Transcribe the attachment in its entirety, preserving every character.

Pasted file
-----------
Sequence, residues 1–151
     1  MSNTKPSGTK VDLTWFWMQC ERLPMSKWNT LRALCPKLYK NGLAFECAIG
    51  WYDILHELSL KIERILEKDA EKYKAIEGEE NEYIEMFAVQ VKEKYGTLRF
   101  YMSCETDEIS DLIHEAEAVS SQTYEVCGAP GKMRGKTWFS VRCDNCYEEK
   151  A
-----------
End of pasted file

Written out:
Sequence, residues 1–151
     1  MSNTKPSGTK VDLTWFWMQC ERLPMSKWNT LRALCPKLYK NGLAFECAIG
    51  WYDILHELSL KIERILEKDA EKYKAIEGEE NEYIEMFAVQ VKEKYGTLRF
   101  YMSCETDEIS DLIHEAEAVS SQTYEVCGAP GKMRGKTWFS VRCDNCYEEK
   151  A